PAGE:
On August 9, 2018, via their “Pathways to Success” proposal, CMS announced that they plan to shorten the time Track 1 ACOs have available to take on risk, as 82% (460 out of 561) are balking at advancing past Track 1. Instead of three years, ACOs would only have two in what has been dubbed the “BASIC” track, with no option to extend beyond the 2 years. Many running ACOs immediately wanted to call a time out. How did we get to this point?
As it currently stands, the Centers for Medicare & Medicaid Services (CMS) allow Accountable Care Organizations (ACOs) to dip their proverbial toe in the waters of Value Based Payment by entering the world of the Medicare Shared Savings Program (MSSP) in Track 1. Those in Track 1 receive what amounts to a three-year trial (with an option to extend the trial another three years) in a one-sided risk model whereby they will receive some shared savings, should they achieve it, but they’re exempt from any shared losses.
When ACOs began signing contracts in 2012, it was expected that those starting in Track 1 would ultimately advance through the program such that, after the “get your feet wet” period, they would evolve through Tracks 2, 3, and Next Generation. As they matured, each advancement would require taking on more downside risk, but ACOs would also be rewarded with a greater portion of shared savings when they succeed. CMS was optimistic that one day all ACOs would all take on the responsibility of a NextGen ACO, allowing CMS to unburden itself with risk altogether.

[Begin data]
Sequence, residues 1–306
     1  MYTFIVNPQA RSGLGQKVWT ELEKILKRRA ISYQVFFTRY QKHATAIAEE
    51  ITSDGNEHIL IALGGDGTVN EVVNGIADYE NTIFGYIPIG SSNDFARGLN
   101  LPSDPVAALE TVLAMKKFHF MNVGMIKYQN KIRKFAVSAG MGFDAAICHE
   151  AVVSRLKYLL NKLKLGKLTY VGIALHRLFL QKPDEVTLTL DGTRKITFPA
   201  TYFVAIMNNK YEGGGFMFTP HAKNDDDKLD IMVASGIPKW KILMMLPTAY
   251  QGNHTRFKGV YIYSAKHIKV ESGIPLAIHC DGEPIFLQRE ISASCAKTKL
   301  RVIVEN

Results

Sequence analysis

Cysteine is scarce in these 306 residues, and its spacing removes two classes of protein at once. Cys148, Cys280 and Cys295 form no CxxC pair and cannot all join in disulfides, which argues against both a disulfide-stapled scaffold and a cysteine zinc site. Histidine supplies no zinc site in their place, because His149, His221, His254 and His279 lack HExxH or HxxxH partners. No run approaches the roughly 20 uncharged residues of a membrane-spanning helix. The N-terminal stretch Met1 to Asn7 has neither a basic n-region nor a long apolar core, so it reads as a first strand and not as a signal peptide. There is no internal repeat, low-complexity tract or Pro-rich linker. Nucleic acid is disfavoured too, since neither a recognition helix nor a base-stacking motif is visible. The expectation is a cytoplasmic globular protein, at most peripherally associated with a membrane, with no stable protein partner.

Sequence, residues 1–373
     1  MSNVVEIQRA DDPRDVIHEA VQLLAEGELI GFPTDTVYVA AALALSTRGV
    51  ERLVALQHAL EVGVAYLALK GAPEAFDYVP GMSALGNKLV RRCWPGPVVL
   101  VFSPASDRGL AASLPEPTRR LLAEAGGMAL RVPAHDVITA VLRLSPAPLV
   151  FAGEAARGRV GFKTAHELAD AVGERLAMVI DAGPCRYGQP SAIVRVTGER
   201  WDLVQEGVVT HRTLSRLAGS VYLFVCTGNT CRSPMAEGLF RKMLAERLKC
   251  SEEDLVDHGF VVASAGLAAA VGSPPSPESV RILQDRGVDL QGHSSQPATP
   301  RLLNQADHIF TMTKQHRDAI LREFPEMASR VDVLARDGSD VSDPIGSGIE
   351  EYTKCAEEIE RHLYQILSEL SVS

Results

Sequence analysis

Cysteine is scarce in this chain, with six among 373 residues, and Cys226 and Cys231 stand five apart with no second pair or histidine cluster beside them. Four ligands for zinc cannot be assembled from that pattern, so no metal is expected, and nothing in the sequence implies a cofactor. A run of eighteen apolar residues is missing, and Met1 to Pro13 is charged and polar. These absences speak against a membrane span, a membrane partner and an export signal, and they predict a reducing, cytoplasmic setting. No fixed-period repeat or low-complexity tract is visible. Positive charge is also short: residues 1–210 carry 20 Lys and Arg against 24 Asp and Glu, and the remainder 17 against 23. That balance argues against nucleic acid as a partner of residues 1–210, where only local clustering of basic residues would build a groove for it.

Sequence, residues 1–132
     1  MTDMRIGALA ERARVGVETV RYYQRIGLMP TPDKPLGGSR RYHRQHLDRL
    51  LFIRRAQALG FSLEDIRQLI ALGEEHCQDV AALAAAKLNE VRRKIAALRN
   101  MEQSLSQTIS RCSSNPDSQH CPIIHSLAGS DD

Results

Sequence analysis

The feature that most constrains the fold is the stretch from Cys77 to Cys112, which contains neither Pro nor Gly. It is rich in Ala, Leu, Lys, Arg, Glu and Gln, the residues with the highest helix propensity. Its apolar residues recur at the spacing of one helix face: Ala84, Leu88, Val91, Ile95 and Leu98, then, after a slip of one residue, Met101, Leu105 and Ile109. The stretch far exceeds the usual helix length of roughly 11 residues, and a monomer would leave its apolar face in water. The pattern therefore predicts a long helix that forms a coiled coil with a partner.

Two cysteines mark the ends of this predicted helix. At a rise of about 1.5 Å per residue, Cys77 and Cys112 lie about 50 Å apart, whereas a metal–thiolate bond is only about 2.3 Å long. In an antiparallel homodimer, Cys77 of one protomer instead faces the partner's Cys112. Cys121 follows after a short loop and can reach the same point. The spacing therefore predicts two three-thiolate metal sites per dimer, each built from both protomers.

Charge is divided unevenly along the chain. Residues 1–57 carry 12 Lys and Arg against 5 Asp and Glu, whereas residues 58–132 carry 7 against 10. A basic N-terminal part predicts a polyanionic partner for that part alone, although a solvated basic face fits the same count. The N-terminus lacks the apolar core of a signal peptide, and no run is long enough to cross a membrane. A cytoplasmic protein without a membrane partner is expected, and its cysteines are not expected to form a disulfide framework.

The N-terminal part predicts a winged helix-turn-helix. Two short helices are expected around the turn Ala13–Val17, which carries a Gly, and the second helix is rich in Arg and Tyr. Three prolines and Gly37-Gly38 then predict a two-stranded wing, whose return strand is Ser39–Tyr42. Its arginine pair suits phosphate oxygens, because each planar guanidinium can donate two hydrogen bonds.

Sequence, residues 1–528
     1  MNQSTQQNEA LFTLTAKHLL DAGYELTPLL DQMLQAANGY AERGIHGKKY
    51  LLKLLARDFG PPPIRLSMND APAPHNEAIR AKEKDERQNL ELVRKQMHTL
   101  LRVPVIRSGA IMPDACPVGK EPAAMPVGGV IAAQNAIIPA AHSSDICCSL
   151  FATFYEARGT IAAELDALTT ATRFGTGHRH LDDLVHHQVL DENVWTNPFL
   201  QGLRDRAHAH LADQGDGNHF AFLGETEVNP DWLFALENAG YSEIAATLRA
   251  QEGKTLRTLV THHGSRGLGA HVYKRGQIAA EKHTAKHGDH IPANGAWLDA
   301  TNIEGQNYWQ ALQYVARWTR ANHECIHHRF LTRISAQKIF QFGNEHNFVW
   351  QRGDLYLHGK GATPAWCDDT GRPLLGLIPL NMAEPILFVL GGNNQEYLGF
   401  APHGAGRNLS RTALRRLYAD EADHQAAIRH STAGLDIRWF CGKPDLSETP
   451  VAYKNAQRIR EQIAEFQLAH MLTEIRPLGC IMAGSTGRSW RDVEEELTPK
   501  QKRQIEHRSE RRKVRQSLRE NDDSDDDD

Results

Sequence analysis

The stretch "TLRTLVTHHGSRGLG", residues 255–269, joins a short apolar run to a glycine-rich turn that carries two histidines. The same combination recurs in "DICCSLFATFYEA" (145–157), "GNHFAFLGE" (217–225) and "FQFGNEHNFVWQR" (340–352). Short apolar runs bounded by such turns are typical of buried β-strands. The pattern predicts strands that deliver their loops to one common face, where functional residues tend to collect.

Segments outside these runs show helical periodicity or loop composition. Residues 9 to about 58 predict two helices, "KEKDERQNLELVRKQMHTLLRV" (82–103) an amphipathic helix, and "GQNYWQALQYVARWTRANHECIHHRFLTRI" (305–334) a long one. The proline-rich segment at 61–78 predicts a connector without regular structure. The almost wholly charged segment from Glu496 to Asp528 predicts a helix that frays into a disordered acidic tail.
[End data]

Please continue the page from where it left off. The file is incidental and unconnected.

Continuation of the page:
Fast forward to 2018 and there are just 58 NextGen ACOs. In baseball terms, that means CMS is batting .103, which will get you cut from the team pretty quickly. CMS is finding out that many ACOs are either unprepared to take on downside risk, or they’re averse to it altogether. Compounding the issue is that the MSSP has actually shown some increases in net spending for a portion of ACOs that are not physician-led (which some speculate may be due to layers of bureaucracy muddying the waters). This comes as a surprise because the thought process, all along, was to get ACOs to lead the charge of narrow provider networks that would quarterback patient healthcare, creating an environment that emphasized a relationship-focused, team-based approach to health and wellness instead of the traditional transactional approach. This, in turn, would lower overall costs. It’s more than likely that CMS underestimated the learning curve on both the physician-led and administrator-led (hospital and non-hospital) ACOs with regards to converting from Fee For Service to Value Based Payment.
With 561 ACOs in the United States, the law of averages suggests not everyone would survive. However, “Pathways to Success” is certainly a warning that more ACOs, than not, need to get ready to play in the big leagues.